Esperanto speakers of all political opinions exist. Some are apolitical; some are American right-wing Libertarians who always vote Republican; some are communists, some are anarchists, and plenty are interested in politics and about as centrist as is typical for wherever they happen to come from. We live in a world with a wide range of political opinions. The vast majority of Esperanto speakers aren't rampantly xenophobic most of the time, but beyond that, it gets hard to generalize.

Michael K. wrote:

I agree with blogger Robert Winter (of "The Joy of Languages," a novelist who wanted to write a book completely in a conlang) in which he says of Esperanto that I don't want to be a disciple or be part of a social movement, I just want to learn a conlang.


So - do that? It's straightforward with Esperanto, Lojban, and plenty of other conlangs.

3 persons have voted this message useful



Michael K.
Senior Member
United States
Joined 4268 days ago

568 posts - 886 votes 
Speaks: English*
Studies: Spanish, Esperanto

 
 Message 8 of 26
06 March 2012 at 3:43am | IP Logged 
I think the guy I was thinking of was mentioned in "In the Land of Invented Languages." He was John Leslie, who was known as Verdiro (truth teller) among Esperantists. He seems to have been more of a spokesperson than someone who tried to take over the movement.

I should have been clearer, but by the peace movement I meant people who think that by having a common language there would be no more wars. Of course, this is wishful thinking, and the deadliest war in American history was our Civil War, in which just about all combatants had the same language and culture (there were some overseas mercenaries fighting for the Confederacy, but I don't know how many there were).

I didn't mean to imply that Esperanto inherently promotes Marxism. I know that there are Esperantists of various political backgrounds, because, like this one book said, the only 2 certainties about Esperantists is that they can read the Roman script and that they know at least 2 languages (because I seriously doubt there are any monolingual Esperanto native speakers).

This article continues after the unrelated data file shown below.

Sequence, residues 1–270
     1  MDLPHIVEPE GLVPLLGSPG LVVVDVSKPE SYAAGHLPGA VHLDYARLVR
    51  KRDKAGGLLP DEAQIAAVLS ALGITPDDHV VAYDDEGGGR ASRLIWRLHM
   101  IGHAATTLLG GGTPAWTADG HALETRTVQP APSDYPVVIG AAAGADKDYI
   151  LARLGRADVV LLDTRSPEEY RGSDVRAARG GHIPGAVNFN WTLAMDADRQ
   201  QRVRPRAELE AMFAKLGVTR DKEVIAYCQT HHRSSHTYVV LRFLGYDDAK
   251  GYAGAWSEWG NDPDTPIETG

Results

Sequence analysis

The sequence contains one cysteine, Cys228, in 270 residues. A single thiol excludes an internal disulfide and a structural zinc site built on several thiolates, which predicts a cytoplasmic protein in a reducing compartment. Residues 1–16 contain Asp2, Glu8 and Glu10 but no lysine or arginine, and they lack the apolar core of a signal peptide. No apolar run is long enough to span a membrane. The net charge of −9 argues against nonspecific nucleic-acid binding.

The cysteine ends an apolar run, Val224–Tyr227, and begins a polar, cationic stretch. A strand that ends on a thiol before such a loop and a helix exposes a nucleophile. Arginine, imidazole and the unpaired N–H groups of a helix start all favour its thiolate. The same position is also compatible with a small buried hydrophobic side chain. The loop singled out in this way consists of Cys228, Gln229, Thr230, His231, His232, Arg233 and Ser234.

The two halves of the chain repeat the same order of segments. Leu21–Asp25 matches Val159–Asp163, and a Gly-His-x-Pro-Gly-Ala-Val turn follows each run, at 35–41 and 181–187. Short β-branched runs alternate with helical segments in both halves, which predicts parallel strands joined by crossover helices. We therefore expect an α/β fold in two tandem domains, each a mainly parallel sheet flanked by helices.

Not to be a smart aleck, but because it came up, what exactly is an anti-Marxist communist? Isn't that an oxymoron, like saying a despotic democrat?

Not to nitpick, but "right-wing Libertarians who always vote for Republicans" is also an oxymoron. A Libertarian (capital L) is a member of the Libertarian Party (someone who has vowed never to use government force for political purposes), so they vote for and promote LP candidates. Most members of the LP are as angry at the RNC as they are at the DNC (they openly call both of the mainstream parties statists, among other invectives), and they wouldn't like being called "right-wing" either (believe me, I have LP friends). A libertarian (small l) just accepts the libertarian ideology without being an LP member, and might vote for Republicans (Ron Paul is a favorite among libertarians).

Sorry, Election Day is tomorrow in my homestate of Ohio, so I'm a little on edge about politics (and I hate politics).

I plan on learning Esperanto just for the language, and I'll promote it by encouraging and helping newcomers to Esperanto, to return the favor that other Esperantists have given me. If my Esperanto is ever good enough, I might even be a tutor on lernu, but that's a long-term goal.

Edited by Michael K. on 06 March 2012 at 3:46am



4 persons have voted this message useful



This discussion contains 26 messages over 4 pages: 2 3 4  Next >>


Post ReplyPost New Topic Printable version Printable version

You cannot post new topics in this forum - You cannot reply to topics in this forum - You cannot delete your posts in this forum
You cannot edit your posts in this forum - You cannot create polls in this forum - You cannot vote in polls in this forum


This page was generated in 0.4844 seconds.


DHTML Menu By Milonic JavaScript
Copyright 2020 FX Micheloud - All rights reserved
No part of this website may be copied by any means without my written authorization.